Sunday, August 7, 2022

Mother-Daughter Autograph Books

On this Sentimental Sunday, I'm looking at autograph books from family history.

Nearly 90 years ago, my mother (Daisy Ruth Schwartz, 1919-1981) graduated from junior high school (which was then grades 7, 8, and 9). 

She was 13 years old and moving up to high school for grades 10, 11, and 12.

Mom kept her graduation autograph book in great shape! 

As shown above, she wrote her name, the school number (J.H.S. 60 in the Bronx, New York), the principal's name (Anna V. McCarthy), her graduating teacher (Miss Hammond), and the date of graduation (January 31, 1933). 

A January graduation was the norm then. Mom graduated from high school three years later, in January of 1936.

At right, a page from Mom's autograph book, with a cute rhyme that was still in use decades later. "There are all kinds of ships, wooden ships, and steel ships, but the best ship is friendship." Signed, "your sister grad-u-8, Anna Kratzer." I've been able to find many of these classmates in Mom's high school yearbook, as well.

Although I attended school decades after Mom, my autograph book from grade 6 graduation also included signatures and inscriptions from classmates, some sentimental and some funny. I attended PS 103 in the northern Bronx, NY.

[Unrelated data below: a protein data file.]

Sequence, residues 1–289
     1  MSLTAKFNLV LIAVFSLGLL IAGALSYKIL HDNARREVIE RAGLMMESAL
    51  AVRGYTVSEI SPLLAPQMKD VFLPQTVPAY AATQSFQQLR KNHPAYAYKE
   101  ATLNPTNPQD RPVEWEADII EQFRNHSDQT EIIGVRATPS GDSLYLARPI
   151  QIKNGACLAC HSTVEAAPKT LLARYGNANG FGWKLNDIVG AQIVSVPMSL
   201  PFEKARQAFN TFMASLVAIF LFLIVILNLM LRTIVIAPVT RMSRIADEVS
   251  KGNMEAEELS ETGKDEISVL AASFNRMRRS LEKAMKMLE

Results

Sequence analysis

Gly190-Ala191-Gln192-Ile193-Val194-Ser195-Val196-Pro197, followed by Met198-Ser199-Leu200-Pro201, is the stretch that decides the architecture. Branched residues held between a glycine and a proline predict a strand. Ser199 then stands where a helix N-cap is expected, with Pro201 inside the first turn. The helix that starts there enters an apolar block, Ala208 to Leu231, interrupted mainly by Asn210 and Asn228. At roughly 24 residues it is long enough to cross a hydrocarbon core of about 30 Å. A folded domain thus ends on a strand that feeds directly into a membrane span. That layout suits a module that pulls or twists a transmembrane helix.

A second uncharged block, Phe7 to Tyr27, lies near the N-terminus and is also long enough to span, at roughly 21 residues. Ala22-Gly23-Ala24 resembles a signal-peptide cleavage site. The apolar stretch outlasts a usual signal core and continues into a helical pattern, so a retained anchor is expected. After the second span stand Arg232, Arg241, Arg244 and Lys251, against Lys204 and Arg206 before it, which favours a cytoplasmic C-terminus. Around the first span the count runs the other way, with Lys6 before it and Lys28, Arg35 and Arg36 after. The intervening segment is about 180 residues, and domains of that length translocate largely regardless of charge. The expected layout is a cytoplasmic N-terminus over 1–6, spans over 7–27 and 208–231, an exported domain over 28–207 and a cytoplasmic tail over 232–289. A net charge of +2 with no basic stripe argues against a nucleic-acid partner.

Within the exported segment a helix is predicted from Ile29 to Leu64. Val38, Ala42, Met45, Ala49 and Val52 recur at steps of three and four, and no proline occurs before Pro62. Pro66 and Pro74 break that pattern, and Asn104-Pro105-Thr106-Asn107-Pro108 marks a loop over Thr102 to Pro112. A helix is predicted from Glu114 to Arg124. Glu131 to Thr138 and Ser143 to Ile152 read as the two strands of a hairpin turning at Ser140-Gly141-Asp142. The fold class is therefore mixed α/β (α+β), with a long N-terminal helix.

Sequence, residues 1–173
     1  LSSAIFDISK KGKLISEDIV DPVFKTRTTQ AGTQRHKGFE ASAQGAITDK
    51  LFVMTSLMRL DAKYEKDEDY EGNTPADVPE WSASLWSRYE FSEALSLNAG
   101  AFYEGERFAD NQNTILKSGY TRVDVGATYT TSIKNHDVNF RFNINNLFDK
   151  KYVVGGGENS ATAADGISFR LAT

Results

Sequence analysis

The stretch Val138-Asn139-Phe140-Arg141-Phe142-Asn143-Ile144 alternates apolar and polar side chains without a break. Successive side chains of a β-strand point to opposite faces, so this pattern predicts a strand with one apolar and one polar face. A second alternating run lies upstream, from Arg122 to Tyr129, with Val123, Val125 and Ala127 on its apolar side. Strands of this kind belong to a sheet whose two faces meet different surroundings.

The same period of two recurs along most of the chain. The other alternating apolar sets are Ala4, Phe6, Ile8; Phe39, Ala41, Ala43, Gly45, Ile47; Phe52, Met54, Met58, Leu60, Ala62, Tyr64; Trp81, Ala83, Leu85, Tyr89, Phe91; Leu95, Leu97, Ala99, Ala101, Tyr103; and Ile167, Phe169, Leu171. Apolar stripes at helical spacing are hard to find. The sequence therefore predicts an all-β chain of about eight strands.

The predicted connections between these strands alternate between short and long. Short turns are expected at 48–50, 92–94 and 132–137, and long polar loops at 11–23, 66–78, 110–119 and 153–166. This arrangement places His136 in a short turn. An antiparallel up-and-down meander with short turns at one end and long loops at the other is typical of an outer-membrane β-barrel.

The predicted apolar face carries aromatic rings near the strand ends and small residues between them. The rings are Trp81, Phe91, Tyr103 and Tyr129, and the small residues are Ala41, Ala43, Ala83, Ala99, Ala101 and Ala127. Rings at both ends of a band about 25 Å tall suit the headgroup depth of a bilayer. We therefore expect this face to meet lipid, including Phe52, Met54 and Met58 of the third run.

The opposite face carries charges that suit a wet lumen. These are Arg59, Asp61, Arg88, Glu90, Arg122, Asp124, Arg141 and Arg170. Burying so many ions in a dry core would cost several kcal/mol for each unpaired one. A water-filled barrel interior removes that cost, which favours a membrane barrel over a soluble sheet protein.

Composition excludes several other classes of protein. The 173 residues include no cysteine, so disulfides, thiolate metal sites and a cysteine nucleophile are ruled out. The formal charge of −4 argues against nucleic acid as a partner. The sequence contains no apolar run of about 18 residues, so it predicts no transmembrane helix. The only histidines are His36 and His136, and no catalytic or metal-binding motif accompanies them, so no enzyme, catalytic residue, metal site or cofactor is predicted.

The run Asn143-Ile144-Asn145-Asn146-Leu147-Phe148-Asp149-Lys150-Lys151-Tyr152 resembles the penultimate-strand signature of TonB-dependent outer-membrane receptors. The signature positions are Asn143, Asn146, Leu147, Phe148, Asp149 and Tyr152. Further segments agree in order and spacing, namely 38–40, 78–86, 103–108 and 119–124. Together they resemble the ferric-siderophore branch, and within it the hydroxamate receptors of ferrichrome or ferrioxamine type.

At left, one of my best friends included an affectionate notation based on 2+2=4. This same "equation" appears at least three times in my autograph book!

Another inscription used more than once in my autograph book is..."For dirty people only." Turn the page, and the inscription continues: "Use soap! Happy graduation from ...." (no LOL or emoticons of course)

Best of all, these handwritten messages from the 20th century are well preserved in an archival box and will live on through the 21st century. If future generations can still read basic cursive handwriting, they'll be able to decipher the messages!

This is my post for the September 2022 School Days "Genealogy Blog Party."


  1. What a fun memento to have in your family history collection. I don't know of any that relatives created, but I remember some from childhood. I really wish I still had them, but they are long gone.

  2. I'm glad you still have these! I have one of mine as well, somewhere. Paper certainly beats digital for memories.

  3. My husband's grandfather has an autograph book. I think it was given to him when he left home and has signatures of his parents and sisters, and I was able to see where he was as his telephone worker friends signed it too in later years.

  4. Thanks for sharing. I now have my mother's yearbooks and will have fun reading what her friends wrote. And I'll save mine, of course.